3. Generation Z: The Next Big Marketing Push.  Step aside, millennials.  Marketers are starting to pay more attention to Generation Z, those born in the 1990s and mid-2000s.   Research indicates that this group is more entrepreneurially minded, tech savvy, and socially conscious.  Expect Generation Z to play a significant role in the way that businesses evolve their marketing strategies.

  4. Employees Demand Greater Flexibility.  According to Forbes, people work 47 hours a week on average and worse still, almost two-thirds of managers expect employees to be reachable when they’re on personal time.  While this type of dedication may be great for employers, more than half of workers are experiencing burnout.  For this reason, workplace flexibility will become increasingly important.  Companies that offer telecommuting, flexible work hours, and job sharing will be in a prime position to attract top talent, as more employees are placing a high premium on flexibility in the workplace.

Tackling the Dreaded Self-Appraisal

Nowadays, it’s not uncommon for employees to have to write their own performance reviews.  If you’ve ever stared at an empty performance review worksheet, you know how daunting this task can seem.  However, we have some tips that will not only make it easier to write but that will also highlight your successes in the best possible way:

  • Show, Don’t Tell.  Rather than saying, “I’m a great project manager,” think about specific examples you can use.  For instance, you might say, “When I ran the XYZ project, it was completed on time and under budget, saving the company $60,000.”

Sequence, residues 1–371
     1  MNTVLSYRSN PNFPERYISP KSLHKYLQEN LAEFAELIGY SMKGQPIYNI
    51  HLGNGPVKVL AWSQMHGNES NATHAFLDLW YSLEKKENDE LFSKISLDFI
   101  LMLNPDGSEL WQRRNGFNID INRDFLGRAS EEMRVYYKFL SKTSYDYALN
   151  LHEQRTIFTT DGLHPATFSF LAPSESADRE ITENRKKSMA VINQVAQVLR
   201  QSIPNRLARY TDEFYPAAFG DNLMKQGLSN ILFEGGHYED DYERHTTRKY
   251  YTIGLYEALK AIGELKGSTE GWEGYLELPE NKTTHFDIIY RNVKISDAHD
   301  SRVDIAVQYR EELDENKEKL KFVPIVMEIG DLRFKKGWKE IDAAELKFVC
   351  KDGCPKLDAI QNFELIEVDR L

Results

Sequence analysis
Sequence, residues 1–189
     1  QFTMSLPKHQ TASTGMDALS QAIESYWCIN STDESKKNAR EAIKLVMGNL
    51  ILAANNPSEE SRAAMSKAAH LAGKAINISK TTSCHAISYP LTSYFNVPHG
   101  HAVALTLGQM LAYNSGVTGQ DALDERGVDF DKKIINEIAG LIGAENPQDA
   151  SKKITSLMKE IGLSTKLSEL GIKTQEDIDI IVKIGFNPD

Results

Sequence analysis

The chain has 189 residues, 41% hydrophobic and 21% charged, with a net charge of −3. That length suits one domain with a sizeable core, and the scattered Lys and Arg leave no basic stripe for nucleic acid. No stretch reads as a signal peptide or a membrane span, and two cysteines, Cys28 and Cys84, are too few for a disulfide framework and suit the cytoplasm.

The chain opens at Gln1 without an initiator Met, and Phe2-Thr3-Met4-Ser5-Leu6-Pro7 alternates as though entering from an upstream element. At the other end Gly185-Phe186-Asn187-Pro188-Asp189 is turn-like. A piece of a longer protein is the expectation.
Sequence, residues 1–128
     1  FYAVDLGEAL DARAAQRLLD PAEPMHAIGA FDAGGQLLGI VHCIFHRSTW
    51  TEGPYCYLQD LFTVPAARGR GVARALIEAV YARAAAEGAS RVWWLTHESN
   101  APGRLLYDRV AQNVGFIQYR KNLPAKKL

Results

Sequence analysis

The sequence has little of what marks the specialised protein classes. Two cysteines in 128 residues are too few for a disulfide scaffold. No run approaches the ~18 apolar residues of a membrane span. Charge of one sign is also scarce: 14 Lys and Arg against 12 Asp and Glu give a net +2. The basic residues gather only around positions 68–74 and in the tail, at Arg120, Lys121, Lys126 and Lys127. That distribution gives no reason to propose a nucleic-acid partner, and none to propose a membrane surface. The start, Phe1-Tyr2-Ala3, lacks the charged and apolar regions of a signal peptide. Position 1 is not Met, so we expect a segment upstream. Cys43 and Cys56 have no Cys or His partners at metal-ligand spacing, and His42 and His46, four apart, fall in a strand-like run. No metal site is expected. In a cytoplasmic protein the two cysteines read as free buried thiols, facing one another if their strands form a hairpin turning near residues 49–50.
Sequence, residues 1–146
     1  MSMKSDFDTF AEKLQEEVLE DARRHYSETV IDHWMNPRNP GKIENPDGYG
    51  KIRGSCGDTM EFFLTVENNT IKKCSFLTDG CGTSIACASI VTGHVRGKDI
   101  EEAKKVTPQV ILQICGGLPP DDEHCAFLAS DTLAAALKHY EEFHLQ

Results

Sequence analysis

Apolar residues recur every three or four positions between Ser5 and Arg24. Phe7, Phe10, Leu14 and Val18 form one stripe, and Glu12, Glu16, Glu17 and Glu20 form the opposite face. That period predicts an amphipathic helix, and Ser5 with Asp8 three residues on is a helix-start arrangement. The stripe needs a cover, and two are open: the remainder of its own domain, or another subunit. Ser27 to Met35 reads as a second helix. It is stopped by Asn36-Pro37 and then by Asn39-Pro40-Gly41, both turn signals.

• Remember the Entire Year.  Many people forget to include their accomplishments that took place in the earlier part of the year.  Spend some time in reflection so you don’t forget your career successes that occurred 6-12 months ago.

  • Discuss Areas for Improvement.  If you’ve made mistakes, acknowledge them carefully.  By carefully, we mean that you should put a positive spin on any errors by discussing what you learned from them and how that knowledge will improve your performance in the future.

  • Request Career Development Opportunities.  Is there a skill that you could improve upon with additional training?  Alternatively, is there some aspect of your job that really excites you that you’d like to spend more time doing?  Brainstorm ideas for developing your career in a way that will further your skillset while simultaneously igniting your passion.

  • Set Time Aside.  Because performance appraisals can be arduous to complete, many people breeze through them without investing a lot of effort.  Don’t be this person!  The appraisal will be used in part to determine what type of raise you get and as such, it is well worth the time that it takes to do a thorough job.  That said, it’s a good idea to complete your appraisal, think it over for a few days, and then return to it later to see if you still feel it is a good representation of your abilities.